Europe braces for spreading economic impact of coronavirus

A woman walks by a store of luxury brand Prada in Galleria Vittorio Emanuele II on Feb 29, 2020 in central Milan, northern Italy. PHOTO: AFP

BERLIN (BLOOMBERG, AFP) - Europe braced for more fiscal fallout from the coronavirus on Sunday (March 1), with hard-hit Italy planning to spend money to prop up its already weak economy and German car-makers warning of a dip in demand.

The Italian government aims to spend 3.6 billion euros (S$5.5 billion) to help weather the crisis, including measures to cushion the economic impact on northern Italy, the focus of the country's outbreak, Finance Minister Roberto Gualtieri told La Repubblica newspaper.

"By next Friday, we will adopt (measures) to support the economy for all the sectors affected across the country," he said. "I have no reason to fear Brussels contesting our request."

Every European Union member state must keep within strict budget rules and limit deficit spending to set amounts or face sanctions and fines from Brussels.

Mr Gualtieri said the aid could take various forms and include tax credits for businesses. He also announced that the 19 eurozone finance ministers will discuss a possible joint action plan at their meeting on March 16.

With more than 1,000 confirmed cases reported, Italy is the epicentre of coronavirus in Europe, with the third-most infections in the world behind China and South Korea.

European authorities have cancelled some of the continent's biggest business events, including the ITB tourism trade fair and Geneva Motor Show, banned large gatherings and tightened border controls in an effort to limit the virus's spread.

The crackdown will have an impact far beyond Italy, other European governments warned.

"A correction of the economic forecast can be expected," Mr Eric Scheidegger, head of the economic policy directorate at Switzerland's State Secretariat for Economic Affairs, told reporters on Saturday. The scope of the impact isn't yet clear, he said.

The virus's arrival in Italy, where the first death was reported on Feb 21, coincided with high-profile international events such as Fashion Week as well as the peak of the winter vacation season. Families from across Europe flew through Venice and Milan to Italian ski resorts, and many of the cases being reported in other European countries now are linked to visits to Italy.

The first cases emerged on Saturday in the German banking centre of Frankfurt. Three men were infected, with two of the cases traced to other infected Germans and a third linked to a trip to Italy.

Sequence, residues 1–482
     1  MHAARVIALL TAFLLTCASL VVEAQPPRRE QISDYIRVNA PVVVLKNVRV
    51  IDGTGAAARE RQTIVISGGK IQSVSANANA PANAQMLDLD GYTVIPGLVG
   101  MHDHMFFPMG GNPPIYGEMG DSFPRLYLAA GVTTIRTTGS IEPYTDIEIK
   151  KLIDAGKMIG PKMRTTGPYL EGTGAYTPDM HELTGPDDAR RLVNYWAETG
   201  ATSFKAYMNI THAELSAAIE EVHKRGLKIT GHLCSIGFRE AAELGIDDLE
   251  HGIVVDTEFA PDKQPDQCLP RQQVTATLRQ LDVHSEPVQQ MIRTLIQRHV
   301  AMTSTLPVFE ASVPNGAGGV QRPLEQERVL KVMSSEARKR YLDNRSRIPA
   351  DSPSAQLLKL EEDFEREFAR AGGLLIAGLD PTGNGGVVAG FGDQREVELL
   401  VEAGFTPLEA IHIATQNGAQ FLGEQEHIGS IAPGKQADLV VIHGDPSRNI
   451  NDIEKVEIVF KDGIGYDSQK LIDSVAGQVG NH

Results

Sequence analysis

Germany can't rule out sealing off entire regions or cities, Interior Minister Horst Seehofer told Bild am Sonntag newspaper in an interview. "This scenario would be the last resort," he said.

Globally, more than than 87,000 people have been infected with the virus, more than 1,500 of them in Europe, the European Centre for Disease Prevention and Control said on Sunday.

The window to contain the outbreak is narrowing, the World Health Organisation warned.

Shortly before the first coronavirus death in the United States was reported on Saturday, the Centres for Disease Control and Prevention recommended against traveling to Italy.

In the United Kingdom, authorities are prepared to quarantine entire cities if need be, Health Secretary Matt Hancock said in a BBC interview.

"There's clearly a huge economic and social downside to that, but we don't take anything off the table at this stage," Mr Hancock said.

American Airlines Group is suspending flights to and from Milan until April 25 due to a reduction in demand, the carrier said in a statement late Saturday. The suspension affects what had been one daily flight each between the Italian city and both New York and Miami.

The German automotive industry cut its expectations on both demand and exports last month, according to an Ifo Institute survey. Car-makers foresaw cuts on personnel planning in particular, the survey showed.

In France and Switzerland, meanwhile, authorities called for a stop to the traditional practice of greeting friends with a kiss - or in the case of the Swiss, three kisses - on the cheek.

"The reduction in social contacts of a physical nature is advised," Health Minister Olivier Veran said at a news briefing on Saturday.

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